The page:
Politico’s media blogger, Dylan Byers (@dylanbyers), is predicting the death of the Sunday morning news shows that for decades have set the tone in American politics.

The public affairs shows — “Meet the Press,” “Face the Nation” and “This Week” — used to set the agenda for the nation’s capital with their news-making interviews and immensely influential audience. Now the buzz around the shows is more likely to center on gossipy criticism about the hosts…

The reason for the decline is social media.

Increasingly, what “Meet the Press” and its competitors represent are still-powerful brands struggling to maintain influence in a radically changed media environment, where news consumption is more fast-paced and fractured than ever and “the news cycle” these shows used to command no longer really exists.

Per one former Democratic White House official:

There was a time when everything would stop on Friday afternoon and Cabinet members and senators would gather around a table and say, ‘Who are we putting out on Sunday?’ Now if you want to make news, you can tweet it, or you can call any number of outlets.

Amazing to think of “institutions” crumbling as a result of empowering everyone with a smartphone to publish, broadcast, and engage the audience they wish to reach.

Let alone the social publishing impact one’s message has when the message is disseminated to “friends” and “followers” who trust the messenger more than a national broadcasting company.

Law firms have always played in the “influencer’s world,” whether locally or nationally.

In rural America in a small law firm I wanted to be on the evening news or in the morning newspaper discussing a case I was involved in or offering insight on a story a reporter was working on.

Large law firms positioned their lawyers as authorities so as to get quoted in the Wall Street Journal, Financial Times, the New York Times and major periodicals such as Forbes, The Economist, Barrons, and Fortune. They also chased being sources in the major metro daily newspapers and business journals.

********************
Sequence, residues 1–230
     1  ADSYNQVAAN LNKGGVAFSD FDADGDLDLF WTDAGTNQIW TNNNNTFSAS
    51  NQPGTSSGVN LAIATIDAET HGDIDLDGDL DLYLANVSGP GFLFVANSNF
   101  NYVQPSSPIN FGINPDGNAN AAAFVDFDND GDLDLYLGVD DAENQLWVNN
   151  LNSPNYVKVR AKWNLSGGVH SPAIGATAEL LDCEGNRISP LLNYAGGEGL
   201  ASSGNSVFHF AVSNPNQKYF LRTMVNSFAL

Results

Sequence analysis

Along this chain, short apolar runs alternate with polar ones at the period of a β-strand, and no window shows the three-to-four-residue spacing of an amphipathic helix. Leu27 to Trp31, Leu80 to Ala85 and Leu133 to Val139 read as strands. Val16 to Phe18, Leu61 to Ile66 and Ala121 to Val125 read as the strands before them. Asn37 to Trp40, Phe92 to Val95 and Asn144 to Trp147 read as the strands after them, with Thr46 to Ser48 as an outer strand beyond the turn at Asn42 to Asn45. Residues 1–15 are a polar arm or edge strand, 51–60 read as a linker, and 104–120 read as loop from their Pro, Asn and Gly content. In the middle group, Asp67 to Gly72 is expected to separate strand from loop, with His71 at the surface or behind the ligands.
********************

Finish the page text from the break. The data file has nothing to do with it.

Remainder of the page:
In addition to mainstream media, everyone wanted to pen a story or be included in a story in trade media, whether legal or industry related. The Recorder, New York Journal, Lawyers Weekly, and Los Angeles Daily Journal are just a few of them.

Television was also there as well for lawyers. Getting on the national news as an expert was a big deal.

But are these as big a deal as before? Are they essential to your messaging strategy? Does your story or the fact that you were in or on the news break through any more? Would you pay as much to your public relations agency to get your lawyers “in the news?”

I was on a panel recently with social media analyst, Ashwini Anburajan (@anburajan), a former associate producer of the Today Show and national campaign reporter for NBC News. I was pretty jazzed sitting next to someone who worked in network news. Her response was something to the effect of “Please, do you have any idea how old the demographic is for network television? It’s not long for the world.”

Will the media institutions you and I grew up with (I am 58) be relevant for that much longer? Will they even be around? Look at Martindale-Hubbell.

Will everyone be getting their media socially? It’s a real possibility.

Today already younger people (think 18 to 35) are more likely to be influenced by something they see or read via social media than through the mainstream press or trade media.

NBC News Veteran, Tom Brokaw, told Byers, “For political junkies and those who just want to catch up, the Sunday shows still are relevant, but they’re not the signature events they once were.”

For you as a lawyer or law firm, whether large or small, whether in rural America or a major metro, you are going to need to produce your own media and learn how to get that media distributed socially.

The media institutions you used to use are not likely to be signature events for that much longer.